10 top tweaks in Apple's iOS 9

Unlike the process of upgrading to the latest edition of Microsoft's (MSFT) Windows, installing the newest version of Apple's (AAPL) iOS on your iPhone or iPad is painless. Almost without exception, upgrading your phone each fall does not result in incompatible software or any risk of data loss.

In years past, Apple's iOS updates have introduced game-changing new features that transformed the smartphone landscape. It's hard to believe now that the iPhone didn't always have an app store or the ability to copy and paste or offer folders to organize apps.

iOS 9, however, isn't that kind of release. Last week's update is a mostly a collection of small tweaks designed to round out an increasingly mature OS. Among those getting a lot of buzz are Safari's ability to use ad-blocking apps. But these may be the 10 most important updates you'll want to know about when you perform your update.

New app switcher. It's hard to miss this feature: When you double-tap the Home button to switch among apps, you'll find they're now represented as a stack of pages you flip though, sort of like the short-lived Windows-Tab "Flip 3D" app switcher in Windows Vista and Windows 7. If you find Apple's new switcher harder to use than the old version, that tough because you can't go back.

Split-screen multitasking. If you have a compatible iPad (Air 2, Mini 4 or Pro), you'll probably love this one: side-by-side, split-screen apps, letting you see two at once. It's a lot like the side-by-side apps on Windows 8.

Here's what you do: With one app running, swipe in from the left to pull in a second app. Swipe the second app from the top to see a list of other apps you can switch to. If you're running two iOS 9-compatible apps, you can drag the division point around the screen to specify how much screen space to dedicate to each app.

Keyboard as a trackpad. Another iPad-only goodie: Put two fingers on the keyboard, and you can easily move the cursor anywhere you need it on the screen. This is just one of several major keyboard enhancements, including a new shortcut bar with app-specific tools.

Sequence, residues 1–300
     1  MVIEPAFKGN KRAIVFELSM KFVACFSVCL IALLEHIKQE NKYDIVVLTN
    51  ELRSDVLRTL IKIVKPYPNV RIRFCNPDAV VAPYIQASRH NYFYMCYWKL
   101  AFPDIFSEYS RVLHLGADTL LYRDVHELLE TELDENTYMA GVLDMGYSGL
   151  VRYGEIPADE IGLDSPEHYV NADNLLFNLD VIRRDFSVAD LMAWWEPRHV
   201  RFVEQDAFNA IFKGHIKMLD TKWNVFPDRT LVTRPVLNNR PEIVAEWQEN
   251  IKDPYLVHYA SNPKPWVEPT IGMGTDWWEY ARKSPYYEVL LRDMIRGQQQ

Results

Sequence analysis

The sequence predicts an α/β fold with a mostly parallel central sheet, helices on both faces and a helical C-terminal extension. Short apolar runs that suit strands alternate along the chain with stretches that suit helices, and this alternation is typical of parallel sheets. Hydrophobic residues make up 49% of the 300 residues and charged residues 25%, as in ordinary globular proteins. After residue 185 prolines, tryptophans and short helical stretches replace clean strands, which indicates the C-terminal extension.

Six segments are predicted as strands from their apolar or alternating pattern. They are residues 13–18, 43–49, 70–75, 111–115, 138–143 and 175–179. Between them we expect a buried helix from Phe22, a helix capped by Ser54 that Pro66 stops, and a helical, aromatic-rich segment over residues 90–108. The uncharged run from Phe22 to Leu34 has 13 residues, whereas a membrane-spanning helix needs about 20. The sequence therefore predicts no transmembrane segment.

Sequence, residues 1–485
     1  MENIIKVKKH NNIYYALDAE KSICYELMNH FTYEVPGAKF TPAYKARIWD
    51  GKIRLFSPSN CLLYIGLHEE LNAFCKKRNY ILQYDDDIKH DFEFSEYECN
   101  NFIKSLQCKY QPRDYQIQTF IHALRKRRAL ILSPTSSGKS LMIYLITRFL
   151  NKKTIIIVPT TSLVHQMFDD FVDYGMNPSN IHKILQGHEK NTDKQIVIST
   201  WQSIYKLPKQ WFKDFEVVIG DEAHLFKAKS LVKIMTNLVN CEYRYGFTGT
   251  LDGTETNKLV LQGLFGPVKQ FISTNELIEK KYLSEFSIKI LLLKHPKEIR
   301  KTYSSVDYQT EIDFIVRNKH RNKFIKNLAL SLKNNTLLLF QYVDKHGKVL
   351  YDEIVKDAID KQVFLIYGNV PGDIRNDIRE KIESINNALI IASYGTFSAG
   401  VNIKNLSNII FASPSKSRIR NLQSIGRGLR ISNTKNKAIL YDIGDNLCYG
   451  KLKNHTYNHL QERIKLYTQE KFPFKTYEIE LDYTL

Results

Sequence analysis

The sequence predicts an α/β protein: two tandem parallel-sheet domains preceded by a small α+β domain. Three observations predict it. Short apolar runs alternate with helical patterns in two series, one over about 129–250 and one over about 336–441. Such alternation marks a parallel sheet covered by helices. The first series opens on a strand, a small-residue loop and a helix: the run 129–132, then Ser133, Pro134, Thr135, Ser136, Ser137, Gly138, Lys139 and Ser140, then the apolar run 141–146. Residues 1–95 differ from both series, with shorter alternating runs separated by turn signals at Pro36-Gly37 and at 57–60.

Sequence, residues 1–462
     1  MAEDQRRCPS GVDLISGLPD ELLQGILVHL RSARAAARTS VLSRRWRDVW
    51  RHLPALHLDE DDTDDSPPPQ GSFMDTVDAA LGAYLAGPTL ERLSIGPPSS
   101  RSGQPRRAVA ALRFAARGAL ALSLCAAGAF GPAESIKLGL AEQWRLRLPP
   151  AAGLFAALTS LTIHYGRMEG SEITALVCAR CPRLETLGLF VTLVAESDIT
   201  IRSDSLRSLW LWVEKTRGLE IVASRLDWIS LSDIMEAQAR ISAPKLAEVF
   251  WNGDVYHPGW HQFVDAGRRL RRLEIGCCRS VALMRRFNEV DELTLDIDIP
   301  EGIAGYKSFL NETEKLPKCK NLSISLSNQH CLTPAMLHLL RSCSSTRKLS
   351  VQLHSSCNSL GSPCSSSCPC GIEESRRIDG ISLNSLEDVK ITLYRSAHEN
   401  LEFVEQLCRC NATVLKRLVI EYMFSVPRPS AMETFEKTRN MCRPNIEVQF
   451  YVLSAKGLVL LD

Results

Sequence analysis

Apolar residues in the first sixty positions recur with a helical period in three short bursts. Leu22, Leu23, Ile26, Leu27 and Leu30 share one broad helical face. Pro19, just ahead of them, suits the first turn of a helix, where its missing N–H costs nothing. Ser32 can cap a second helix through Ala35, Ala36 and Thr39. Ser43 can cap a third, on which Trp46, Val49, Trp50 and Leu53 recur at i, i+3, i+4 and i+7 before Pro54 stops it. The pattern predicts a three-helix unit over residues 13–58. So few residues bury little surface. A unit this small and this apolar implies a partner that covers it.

iPhone guesses at unknown numbers. Instead of just displaying "Unknown Number," your phone now searches your email to see if it can figure out who's calling. Too creepy? Turn it off in Settings by going to Mail, Contacts, Calendars and then unchecking "Contacts Found in Mail."

The keyboard now has lowercase keys. Always baffled at whether you were about to type lower- or uppercase? The keyboard now clearly shows lower- and uppercase characters, though I find it a little subtle.

Get Siri suggestions in Spotlight search. Now when you search for something (either pull down from the top or swipe right), Siri makes a slew of recommendations in addition to the usual stuff. Don't like this feature? You can turn it off in Settings by going to General Spotlight Search and disabling "Siri Suggestions."

Share and save voicemail. Voicemail messages are no longer locked away in your phone app. A share icon is now associated with your voicemail messages. Tap it to email a copy of it or to send it to another app.

Smarter Wi-Fi. Your phone is now smart enough to automatically switch from Wi-Fi to cellular when the Wi-Fi signal strength drops too low. This is handy when you're on the periphery of your Wi-Fi network, for example. In the old says, your phone would have clung desperately to Wi-Fi even though it wouldn't actually transfer any data.

Low-power mode. Your phone now tries to enter low-power mode when the battery level drops below a certain threshold (20 percent, or if you defer, again at 10 percent). If enabled, low-power mode prevents your phone from doing a number of batter-sapping tasks, like background app refresh, background email fetch and some graphical flourishes. It also slows down the processor, dims the screen and locks the device more quickly.

Back button takes you to previous app. If you tap a link in an app that opens a different app, you'll now see a link in the header that offers to return you to the place where you started. For example, suppose you tap a link in Messages that opens Maps, now this one tap takes you back to Messages. Or if a link from Mail takes you to a YouTube video, you can get back to email from that link in the header.